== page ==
His granddaughter, Anaya Bluiett, announced on social media that his funeral will be held next Friday in Brooklyn, Ill.

GoGo Penguin: Tiny Desk Concert

Sep 29, 2018

During his setup, GoGo Penguin's pianist Chris Illingworth asked if he could remove our piano cover to "access the inside" and, after a few rotations of a screwdriver, he soon handed me a long plank of black painted maple, which has no convenient place to rest in the NPR Music office. If you look closely at the piano innards during "Bardo," you can see a strip of black tape stretched over a few strings, opposite Illingworth's bobbing head. It mutes a group of strings, turning them into percussive jabs and dividing the instrument into more explicit rhythmic and melodic sections.

What would you say if I told you that drums can sing? The best jazz drummers have always understood this as fact. Allison Miller has even made it a core part of her artistic mission — as drummer, a composer and a bandleader, notably with her ensemble Boom Tic Boom.

Aretha Franklin was about a month shy of her 20th birthday when she appeared for a week at The Village Gate in late February of 1962. She shared a bill there with pianist and composer Thelonious Monk, who like her was an indescribable talent — a genius, in the fullest sense of the word — recently signed to the roster of Columbia Records.

It's easy to throw the word legend around when you talk to musicians who regularly appear on World Cafe. So when a real legend shows up, you've run out of superlatives.

Polish trumpeter Tomasz Stanko, a leading figure in mid-1960s European avant-garde jazz who enjoyed a major career resurgence over the past 20 years, died on Sunday in Warsaw. His death was confirmed by his daughter, Anna Stanko, who said that her father had been diagnosed with terminal cancer in April of this year, and had been suffering with pneumonia since June. He was 76 years old.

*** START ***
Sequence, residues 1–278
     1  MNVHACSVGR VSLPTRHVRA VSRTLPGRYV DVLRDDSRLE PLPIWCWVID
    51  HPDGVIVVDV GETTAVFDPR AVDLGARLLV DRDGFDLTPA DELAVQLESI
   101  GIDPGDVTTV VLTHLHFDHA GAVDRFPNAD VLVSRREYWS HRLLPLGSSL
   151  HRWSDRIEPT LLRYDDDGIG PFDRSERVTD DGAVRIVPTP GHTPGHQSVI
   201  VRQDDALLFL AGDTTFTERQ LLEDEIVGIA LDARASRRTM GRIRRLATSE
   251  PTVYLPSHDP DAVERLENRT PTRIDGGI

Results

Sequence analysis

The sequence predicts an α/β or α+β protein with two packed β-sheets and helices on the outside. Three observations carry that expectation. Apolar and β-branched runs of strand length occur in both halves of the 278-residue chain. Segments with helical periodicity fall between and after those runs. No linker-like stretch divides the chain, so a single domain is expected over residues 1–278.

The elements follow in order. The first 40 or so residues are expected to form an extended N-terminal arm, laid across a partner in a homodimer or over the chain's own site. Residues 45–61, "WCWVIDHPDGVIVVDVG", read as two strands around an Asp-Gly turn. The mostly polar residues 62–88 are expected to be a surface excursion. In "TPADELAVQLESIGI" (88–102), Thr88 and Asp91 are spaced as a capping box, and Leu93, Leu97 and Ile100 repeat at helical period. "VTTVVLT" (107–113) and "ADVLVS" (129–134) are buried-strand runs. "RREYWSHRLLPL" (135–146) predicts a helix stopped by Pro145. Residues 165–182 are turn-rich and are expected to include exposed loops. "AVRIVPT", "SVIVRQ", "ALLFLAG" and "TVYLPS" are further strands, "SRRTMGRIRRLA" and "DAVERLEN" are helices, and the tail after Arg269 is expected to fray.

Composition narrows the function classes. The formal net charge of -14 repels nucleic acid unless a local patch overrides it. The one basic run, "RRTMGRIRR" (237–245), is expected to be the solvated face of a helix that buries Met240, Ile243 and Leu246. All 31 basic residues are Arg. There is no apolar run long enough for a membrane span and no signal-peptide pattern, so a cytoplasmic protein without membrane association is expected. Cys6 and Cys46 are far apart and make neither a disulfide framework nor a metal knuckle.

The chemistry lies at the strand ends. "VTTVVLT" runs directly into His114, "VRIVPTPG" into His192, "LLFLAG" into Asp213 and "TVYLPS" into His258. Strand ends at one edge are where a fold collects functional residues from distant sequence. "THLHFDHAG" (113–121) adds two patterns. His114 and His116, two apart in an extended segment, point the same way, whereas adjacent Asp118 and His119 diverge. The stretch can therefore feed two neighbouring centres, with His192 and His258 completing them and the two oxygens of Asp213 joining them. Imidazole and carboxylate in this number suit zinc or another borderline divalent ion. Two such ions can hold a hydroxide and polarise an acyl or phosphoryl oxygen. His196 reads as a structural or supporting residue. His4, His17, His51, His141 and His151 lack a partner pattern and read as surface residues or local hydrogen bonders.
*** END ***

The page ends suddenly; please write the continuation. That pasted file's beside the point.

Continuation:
Note: NPR's First Listen audio comes down after the album is released. However, you can still listen with the Spotify or Apple Music playlist at the bottom of the page.

Kamasi Washington's idea of heaven is the world he creates and retreats to in his mind. The jazz torchbearer's double album Heaven and Earth, out today, represents that inward heaven versus his outward reality on Earth.

New York's Village Vanguard may come closer than any other club to embodying the spirit of jazz. For nearly 30 years, the guardian of that spirit has been the Vanguard's formidable impresaria, Lorraine Gordon. Gordon, a jazz champion since her teen years and one of the music's female pioneers, died Saturday at the age of 95.

The cause of death was complications from a stroke she suffered on Memorial Day, said Jed Eisenman, the longtime manager of the jazz nightclub.

Last Call Rotation

Apr 28, 2018

Cecil Taylor, whose stunning and bravely unorthodox piano language made him one of the most important postwar American avant-gardists in any artistic medium, leaves more than a legacy of musical provocation after his death yesterday evening.